2 minutes read.
Warning: the following article may contain disturbing content pertaining to undead corpses, apocalyptic plague and hunger for living human flesh.
Sound like the precursor to another generic zombie movie? Well, think again.
Though blood-encrusted, brain-eating zombies hardly seem to be the most promising premise for a romantic comedy, “Warm Bodies” manages to be surprisingly entertaining and touching. Clever and original, this zombie movie subverts traditional genre convention.
For once, viewers are taken in a different direction and offered a perspective from the zombie’s point of view. Infused with wry, witty satire and exceptionally clever interior monologue, this film will quickly win you over.
If I were to rate this movie based solely on morality, the review would drop in points. Though it received a PG-13 rating by professionals, and therefore gained Liberty approval, there is significant language and a borderline suggestive scene where the female lead undresses.
However, as most have come to accept, Hollywood ratings and movie glamor are never genuine, factual truths. Watch the movie for its entertainment value, and the ratings quickly soar. With a guarded heart and conscious mind, it is possible to be in the world but not of it.
Directed by Jonathan Levine as an adaptation of Isaac Marion’s bestselling novel, the unconventional movie attempts to simultaneously incorporate romance and mortality.
The screenplay features none-too-subtle echoes of Shakespeare’s tale of woe, Romeo and Juliet. From the name of the main characters, “R” and Julie, to the use of an inevitable balcony scene, great consideration was taken to perfect the splicing of star-crossed romance and zombie action.
The setting of the story is in a post-apocalyptic world where humans and zombies dare not intermingle. The human race is struggling on the brink of extinction, with increasing numbers converting to the undead population.
As our hero and narrator soon comes to prove, however, not all infected and zombified humans are as mindless as they seem. Though gruesome and foul in appearance, somewhere beneath his gray, flaky skin lies a heart that beats with young love — even if that heart happens to be stiff with rigor mortis.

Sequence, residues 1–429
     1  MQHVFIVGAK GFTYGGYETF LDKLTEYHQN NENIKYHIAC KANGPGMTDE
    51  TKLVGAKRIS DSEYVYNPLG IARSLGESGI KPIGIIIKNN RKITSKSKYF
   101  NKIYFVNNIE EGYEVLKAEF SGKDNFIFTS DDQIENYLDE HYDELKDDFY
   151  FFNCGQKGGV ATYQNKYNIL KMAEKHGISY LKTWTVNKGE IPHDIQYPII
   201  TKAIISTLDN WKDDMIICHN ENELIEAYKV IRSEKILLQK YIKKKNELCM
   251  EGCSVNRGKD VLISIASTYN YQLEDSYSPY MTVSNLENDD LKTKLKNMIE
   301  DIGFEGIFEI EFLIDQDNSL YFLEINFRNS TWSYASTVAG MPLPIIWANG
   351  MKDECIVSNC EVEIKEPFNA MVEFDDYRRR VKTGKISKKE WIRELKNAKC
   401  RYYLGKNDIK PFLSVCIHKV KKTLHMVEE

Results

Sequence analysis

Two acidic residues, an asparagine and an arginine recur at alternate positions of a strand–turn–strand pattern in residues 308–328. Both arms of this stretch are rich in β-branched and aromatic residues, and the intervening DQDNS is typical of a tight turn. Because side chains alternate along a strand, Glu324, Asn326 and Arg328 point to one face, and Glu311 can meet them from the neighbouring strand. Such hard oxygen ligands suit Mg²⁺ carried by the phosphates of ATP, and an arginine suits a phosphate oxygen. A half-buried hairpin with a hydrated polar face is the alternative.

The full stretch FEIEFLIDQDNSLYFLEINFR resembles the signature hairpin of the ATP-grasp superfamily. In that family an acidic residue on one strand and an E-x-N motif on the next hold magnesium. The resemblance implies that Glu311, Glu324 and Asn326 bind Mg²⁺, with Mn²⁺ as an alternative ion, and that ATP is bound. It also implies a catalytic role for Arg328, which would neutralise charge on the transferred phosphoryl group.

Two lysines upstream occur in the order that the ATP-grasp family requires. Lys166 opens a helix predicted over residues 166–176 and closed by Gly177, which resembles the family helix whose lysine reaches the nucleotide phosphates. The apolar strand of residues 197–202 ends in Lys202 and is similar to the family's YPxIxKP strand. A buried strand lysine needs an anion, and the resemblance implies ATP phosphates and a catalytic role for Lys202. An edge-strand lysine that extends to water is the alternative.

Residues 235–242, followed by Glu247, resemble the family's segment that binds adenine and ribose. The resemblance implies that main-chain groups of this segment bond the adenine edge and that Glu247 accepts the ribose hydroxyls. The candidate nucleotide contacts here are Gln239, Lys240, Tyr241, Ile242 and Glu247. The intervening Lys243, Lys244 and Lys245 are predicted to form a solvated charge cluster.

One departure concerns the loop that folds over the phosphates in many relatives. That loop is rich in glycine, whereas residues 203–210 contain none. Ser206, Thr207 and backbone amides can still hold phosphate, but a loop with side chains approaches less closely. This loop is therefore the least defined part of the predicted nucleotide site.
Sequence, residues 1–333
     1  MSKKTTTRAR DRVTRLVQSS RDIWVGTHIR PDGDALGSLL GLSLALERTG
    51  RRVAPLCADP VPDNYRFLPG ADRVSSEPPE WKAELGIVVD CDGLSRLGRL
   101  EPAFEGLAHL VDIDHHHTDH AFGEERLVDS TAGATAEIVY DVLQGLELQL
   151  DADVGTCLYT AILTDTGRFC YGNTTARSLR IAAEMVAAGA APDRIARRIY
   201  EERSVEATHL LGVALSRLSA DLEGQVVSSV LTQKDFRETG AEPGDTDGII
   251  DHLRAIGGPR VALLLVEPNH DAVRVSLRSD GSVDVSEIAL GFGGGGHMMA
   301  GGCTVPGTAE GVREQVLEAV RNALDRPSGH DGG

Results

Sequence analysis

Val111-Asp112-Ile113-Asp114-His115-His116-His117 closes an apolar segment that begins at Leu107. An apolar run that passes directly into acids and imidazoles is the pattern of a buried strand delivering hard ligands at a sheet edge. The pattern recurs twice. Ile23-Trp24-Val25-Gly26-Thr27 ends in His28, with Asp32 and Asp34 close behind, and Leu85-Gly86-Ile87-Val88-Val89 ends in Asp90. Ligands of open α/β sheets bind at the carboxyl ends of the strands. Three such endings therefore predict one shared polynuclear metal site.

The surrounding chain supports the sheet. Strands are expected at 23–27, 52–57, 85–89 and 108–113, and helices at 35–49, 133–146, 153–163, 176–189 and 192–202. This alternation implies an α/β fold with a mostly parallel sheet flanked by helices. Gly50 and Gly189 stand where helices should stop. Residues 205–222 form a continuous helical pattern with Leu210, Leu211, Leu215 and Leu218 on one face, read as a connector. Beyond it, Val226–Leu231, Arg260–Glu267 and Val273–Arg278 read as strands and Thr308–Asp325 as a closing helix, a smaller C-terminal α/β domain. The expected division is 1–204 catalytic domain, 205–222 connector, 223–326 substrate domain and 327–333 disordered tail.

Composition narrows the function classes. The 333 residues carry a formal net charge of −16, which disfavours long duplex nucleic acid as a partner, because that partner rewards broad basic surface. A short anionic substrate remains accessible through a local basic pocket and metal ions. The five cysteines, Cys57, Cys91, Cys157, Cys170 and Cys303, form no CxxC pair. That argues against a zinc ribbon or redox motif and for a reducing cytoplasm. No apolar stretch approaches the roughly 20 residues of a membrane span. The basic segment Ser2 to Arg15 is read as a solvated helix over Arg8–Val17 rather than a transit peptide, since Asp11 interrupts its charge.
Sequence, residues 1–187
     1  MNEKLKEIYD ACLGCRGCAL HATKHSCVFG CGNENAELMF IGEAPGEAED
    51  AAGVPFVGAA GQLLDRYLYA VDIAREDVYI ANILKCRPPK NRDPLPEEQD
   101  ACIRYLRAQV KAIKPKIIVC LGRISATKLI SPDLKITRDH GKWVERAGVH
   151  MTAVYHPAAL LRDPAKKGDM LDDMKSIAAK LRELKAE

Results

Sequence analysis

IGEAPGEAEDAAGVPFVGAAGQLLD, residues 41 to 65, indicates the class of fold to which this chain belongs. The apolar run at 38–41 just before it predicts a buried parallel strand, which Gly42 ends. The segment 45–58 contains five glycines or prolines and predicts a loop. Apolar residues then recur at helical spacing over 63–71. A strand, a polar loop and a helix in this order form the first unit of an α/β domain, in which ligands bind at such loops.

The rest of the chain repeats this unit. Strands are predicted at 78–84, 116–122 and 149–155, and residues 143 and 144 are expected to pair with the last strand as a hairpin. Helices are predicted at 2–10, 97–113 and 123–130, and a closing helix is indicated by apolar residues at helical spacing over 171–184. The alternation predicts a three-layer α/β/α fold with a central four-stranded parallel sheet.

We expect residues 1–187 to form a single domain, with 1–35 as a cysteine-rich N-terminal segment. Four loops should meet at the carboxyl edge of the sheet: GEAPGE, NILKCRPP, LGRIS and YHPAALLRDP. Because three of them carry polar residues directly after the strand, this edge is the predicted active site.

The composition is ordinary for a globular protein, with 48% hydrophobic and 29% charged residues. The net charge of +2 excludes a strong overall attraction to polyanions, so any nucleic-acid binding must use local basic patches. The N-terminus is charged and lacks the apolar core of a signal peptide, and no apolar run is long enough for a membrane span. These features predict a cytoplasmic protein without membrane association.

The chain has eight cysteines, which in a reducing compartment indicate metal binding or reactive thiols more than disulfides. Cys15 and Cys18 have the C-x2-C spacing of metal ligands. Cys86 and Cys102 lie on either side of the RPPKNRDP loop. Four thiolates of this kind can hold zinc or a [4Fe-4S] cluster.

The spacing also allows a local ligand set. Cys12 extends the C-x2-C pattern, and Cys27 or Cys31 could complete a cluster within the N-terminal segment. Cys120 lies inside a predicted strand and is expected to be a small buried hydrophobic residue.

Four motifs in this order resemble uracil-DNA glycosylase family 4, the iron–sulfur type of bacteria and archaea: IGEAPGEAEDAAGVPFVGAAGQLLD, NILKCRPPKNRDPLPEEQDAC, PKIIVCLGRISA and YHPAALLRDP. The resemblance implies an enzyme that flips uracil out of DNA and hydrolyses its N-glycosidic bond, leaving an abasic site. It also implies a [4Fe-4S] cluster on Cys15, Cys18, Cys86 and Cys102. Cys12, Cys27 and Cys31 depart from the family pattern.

In a generation of films and television shows where the human girl falls for the not-so-human boy routine has been done before, “Warm Bodies” remains curiously moving amid the nearly endless parade of vampires, werewolves and ghosts.
As a female who has never been an enthusiast of the “Twilight” saga and will most likely never be able to work up the courage to watch “Dawn of the Dead,” I found that I was pleasantly able to sit through “Warm Bodies” with minimal grimaces of horror. As for the male audience, I think you will find that this movie injects much-needed life into the predominantly mushy Nicholas Sparks romance genre.
In the end, the premise of this movie is a tad creepy, not to mention that the mere presence of the walking dead goes against all that we as Christians believe in. We should be wary and remember that acceptance by the world does not automatically mean acceptance by our personal convictions.
Christians tread a fine line when we begin to accept basic principles that the Bible has clearly warned against. The normalization of the living dead and the convoluted sense of afterlife that zombie movies portray are dangerous if we allow them to desensitize our beliefs and standards. Disregard the fact that the afterlife is consumed with devouring brains, however, and we arrive at a modern, nifty spin on a classic love story.
Julie can feel protected in the arms of her idealized — though moderately decayed — knight, who proves to be both gentleman and protector through his kindness and faithfulness. Meanwhile, “R” can find sanity in his otherwise meaningless world as Julie begins to love and accept him.
Is this a little too perfect of an ending? Perhaps. But it would not very well be a romantic comedy without a happy ending where the power of true and sacrificial love conquers all, now would it?
Moral of the story: hope and kindness can be just as contagious as an apocalyptic plague.